Running Linux successfully on microprocessors is one thing, but what about the user interface? Microsoft's September position, taken in the Proposed Findings, stated that "KDE distributes a graphical user interface (GUI) for use with Linux on desktop computers that looks remarkably like Windows 98 . . . and Corel is also developing a graphical user interface for Linux."

Later on, in its Linux Myths, Microsoft maintains that "The complexity of the Linux operating system and cumbersome nature of the existing GUIs would make retraining end-users a huge undertaking and would add significant cost." Another flip-flop.

The fact is, the Corel and KDE interfaces are indeed pleasing and user friendly. So are the ones developed by the Gnome project, Xi Graphics' CDE and others. And when you consider the thousands of expert participants in the Linux community who are contributing their expertise to the free software cause, it suggests that if there's a next quantum improvement in GUIs, it will come through the Linux Community.

Issue 3: Software Applications

Okay, Linux qualifies as an operating system with a GUI. But what about applications? In the Proposed Findings Microsoft says numerous software developers are producing Linux applications, and more are on their way. Those which Microsoft identified included Netscape's browsing software, Lotus Notes, Corel's WordPerfect Office and the StarOffice suite of business applications from Sun, as well as productivity suites and many Internet applications.

In the Linux Myth document Microsoft flip-flopped again, saying, "Linux as a desktop operating system makes no sense. A user would end up with a system that has fewer applications, is more complex to use and manage, and is less intuitive."

It seems to me that this flip-flop is not only transparent, but flies in the face of potential future litigation. The fact is, freely-distributed Windows emulators will circumvent many interface problems. Even Microsoft's Proposed Findings recognizes that it's possible to run Windows-based applications for Linux by using WINE emulation software developed by the open source movement. In addition, Red Hat, Caldera, SuSE, TurboLinux, Linux-Mandrake and other future versions of Linux will be bundled with popular desktop applications. And products like Tarantella, which connects dissimilar systems to share applications, and VM-Ware, which allows running Linux and Microsoft OS simultaneously on the same machine, among others are starting to have a significant impact. There is also a significant trend toward the porting of Windows applications to Linux by manufacturers themselves.

Microsoft is also guilty of not being completely honest with its own users. Windows 2000 will be incompatible with a number of existing Windows applications, and with the advent of Intel's 64-bit computing platform, both Linux and Windows will find themselves on a level playing field for applications. When vying for application support on the Intel 64-bit platform, Microsoft may quickly fall behind Linux in terms of available applications.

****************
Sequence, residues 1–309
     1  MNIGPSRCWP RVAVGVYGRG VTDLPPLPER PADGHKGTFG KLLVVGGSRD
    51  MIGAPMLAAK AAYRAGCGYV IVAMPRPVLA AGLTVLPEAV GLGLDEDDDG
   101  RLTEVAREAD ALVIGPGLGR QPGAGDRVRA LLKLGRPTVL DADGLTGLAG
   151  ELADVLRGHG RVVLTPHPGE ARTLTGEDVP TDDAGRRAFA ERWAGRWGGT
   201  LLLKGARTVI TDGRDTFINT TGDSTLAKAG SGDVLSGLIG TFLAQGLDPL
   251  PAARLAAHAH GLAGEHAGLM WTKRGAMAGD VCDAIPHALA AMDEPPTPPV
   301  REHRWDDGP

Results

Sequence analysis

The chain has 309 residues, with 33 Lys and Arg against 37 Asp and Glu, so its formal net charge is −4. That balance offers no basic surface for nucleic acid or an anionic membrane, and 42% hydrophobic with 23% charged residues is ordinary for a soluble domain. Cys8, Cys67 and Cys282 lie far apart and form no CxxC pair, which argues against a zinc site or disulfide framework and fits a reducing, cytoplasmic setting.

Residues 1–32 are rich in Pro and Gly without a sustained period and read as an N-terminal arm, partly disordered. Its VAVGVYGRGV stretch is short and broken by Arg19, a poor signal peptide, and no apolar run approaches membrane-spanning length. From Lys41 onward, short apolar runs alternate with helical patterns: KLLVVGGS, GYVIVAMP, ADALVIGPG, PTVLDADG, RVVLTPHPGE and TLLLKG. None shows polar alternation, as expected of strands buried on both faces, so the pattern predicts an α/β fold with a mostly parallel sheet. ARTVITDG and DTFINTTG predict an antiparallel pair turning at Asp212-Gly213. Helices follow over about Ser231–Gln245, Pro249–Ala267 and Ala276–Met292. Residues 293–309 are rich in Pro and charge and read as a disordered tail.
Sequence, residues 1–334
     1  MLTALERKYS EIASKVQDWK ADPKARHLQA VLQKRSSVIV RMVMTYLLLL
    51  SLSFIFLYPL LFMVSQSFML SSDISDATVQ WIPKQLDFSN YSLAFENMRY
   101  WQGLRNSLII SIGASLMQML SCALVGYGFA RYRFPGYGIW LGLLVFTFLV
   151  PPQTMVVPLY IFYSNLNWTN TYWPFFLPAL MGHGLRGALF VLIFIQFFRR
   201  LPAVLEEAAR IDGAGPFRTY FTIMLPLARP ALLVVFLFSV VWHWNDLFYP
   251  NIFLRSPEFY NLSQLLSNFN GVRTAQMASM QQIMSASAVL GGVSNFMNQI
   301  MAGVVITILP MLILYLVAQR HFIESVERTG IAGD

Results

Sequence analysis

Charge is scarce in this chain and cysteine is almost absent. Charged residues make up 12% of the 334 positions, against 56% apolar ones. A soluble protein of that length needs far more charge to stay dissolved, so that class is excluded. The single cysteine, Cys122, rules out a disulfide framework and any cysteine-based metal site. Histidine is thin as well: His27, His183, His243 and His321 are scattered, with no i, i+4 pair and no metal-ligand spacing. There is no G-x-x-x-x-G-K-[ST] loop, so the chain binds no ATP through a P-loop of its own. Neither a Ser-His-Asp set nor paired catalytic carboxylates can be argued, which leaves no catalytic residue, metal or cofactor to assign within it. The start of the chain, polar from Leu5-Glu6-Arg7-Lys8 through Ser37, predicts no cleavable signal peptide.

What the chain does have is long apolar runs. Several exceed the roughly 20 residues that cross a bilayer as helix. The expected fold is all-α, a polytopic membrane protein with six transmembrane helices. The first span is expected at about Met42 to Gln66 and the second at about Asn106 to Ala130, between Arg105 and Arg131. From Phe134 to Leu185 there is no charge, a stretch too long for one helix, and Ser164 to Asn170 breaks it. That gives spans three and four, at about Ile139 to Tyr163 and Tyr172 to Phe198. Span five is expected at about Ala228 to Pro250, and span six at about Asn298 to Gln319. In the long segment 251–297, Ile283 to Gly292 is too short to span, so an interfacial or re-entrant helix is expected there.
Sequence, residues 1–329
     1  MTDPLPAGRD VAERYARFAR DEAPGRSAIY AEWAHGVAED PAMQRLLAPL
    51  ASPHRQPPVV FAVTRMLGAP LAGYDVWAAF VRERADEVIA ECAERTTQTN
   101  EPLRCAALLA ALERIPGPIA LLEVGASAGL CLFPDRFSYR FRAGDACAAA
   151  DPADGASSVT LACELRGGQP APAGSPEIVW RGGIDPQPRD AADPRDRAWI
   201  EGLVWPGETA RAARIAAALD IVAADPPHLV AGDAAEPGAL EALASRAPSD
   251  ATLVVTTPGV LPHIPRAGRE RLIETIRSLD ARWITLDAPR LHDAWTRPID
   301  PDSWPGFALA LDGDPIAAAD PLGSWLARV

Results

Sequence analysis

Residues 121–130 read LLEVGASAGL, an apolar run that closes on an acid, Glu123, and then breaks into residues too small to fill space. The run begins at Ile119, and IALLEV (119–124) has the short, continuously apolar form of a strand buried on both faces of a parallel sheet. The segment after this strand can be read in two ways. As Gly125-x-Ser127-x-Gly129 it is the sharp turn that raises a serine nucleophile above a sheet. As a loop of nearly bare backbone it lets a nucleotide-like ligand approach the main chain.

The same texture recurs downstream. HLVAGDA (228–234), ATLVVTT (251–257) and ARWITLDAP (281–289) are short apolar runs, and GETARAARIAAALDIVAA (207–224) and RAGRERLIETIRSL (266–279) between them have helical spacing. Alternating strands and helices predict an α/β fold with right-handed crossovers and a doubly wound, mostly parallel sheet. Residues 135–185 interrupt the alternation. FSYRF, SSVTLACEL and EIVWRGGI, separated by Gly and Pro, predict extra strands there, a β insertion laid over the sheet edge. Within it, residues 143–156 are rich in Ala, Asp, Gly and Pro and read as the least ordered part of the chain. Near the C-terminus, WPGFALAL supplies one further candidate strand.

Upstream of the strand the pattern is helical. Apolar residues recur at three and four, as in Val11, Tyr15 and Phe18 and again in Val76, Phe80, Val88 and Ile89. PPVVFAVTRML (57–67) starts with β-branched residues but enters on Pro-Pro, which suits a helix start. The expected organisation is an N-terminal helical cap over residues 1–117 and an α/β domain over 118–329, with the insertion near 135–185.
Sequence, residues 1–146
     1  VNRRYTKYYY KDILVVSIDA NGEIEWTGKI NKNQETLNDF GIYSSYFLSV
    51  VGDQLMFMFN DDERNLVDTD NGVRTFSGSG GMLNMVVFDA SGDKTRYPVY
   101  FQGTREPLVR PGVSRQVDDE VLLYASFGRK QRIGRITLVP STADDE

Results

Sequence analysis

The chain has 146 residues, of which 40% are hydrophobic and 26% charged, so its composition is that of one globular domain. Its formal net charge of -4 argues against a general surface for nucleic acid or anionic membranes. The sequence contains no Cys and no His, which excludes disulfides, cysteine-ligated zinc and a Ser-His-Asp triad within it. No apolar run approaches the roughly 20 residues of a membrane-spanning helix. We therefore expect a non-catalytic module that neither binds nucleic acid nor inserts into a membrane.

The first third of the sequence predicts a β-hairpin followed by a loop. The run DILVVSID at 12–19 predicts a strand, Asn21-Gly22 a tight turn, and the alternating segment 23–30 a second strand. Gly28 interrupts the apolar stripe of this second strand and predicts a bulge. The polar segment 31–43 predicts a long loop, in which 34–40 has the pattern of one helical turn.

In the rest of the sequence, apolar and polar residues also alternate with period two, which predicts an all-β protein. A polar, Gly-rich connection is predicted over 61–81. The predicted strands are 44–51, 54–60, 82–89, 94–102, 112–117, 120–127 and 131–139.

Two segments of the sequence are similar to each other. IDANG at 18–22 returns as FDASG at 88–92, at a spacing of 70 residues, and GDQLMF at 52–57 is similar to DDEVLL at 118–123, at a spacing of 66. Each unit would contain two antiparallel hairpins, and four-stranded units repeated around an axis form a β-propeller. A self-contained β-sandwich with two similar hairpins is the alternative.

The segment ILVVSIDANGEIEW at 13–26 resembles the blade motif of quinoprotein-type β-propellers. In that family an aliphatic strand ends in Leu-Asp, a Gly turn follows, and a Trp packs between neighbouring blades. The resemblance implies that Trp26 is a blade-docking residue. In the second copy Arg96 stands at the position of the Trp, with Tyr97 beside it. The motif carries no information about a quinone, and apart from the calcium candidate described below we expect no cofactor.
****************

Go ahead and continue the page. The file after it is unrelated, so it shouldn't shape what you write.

Issue 4: What About Hardware Support?

What about the big hitters in microcomputer hardware, are they likely to support Linux? According to the Proposed Findings, "Leading OEMs such as Sun, Dell, Gateway, Toshiba, IBM, Silicon Graphics, Hewlett-Packard and Hitachi, (plus Apple) are now shipping Linux . . . preinstalled on one or more of their computer models."

Later, in the Linux Myths, Microsoft says "The Linux community likes to talk about Linux as a stable and reliable operating system, yet there are no real world data or metrics and very limited customer evidence to back up these claims." Microsoft points to it customers, including Boeing, Barnes and Noble, Dell Computer and Nasdaq, as dependent on Windows NT 4.0 for their mission-critical applications.

While Microsoft has, and will continue to have, an impressive list of high-end customers, so too does Linux. Nearly all of the Fortune 2,000 are listed in LinuxMall.com's customer base, and are using Linux for strategic purposes. As stated by Microsoft and noted in the press on a daily basis, many high-profile computer manufacturers and independent support companies are now offering comprehensive lists of hardware supported by Linux. At the time of this writing, in addition to the manufacturers mentioned by Microsoft, my company, LinuxMall.com, is being flooded by requests from companies wanting to offer Linux-based hardware, as well as offering support services for sale.

Actually, the Internet abounds with stories of failed installations based on Microsoft technology being replaced by Linux and other Open Source systems, and the phenomenal return on investment that doing so brings about.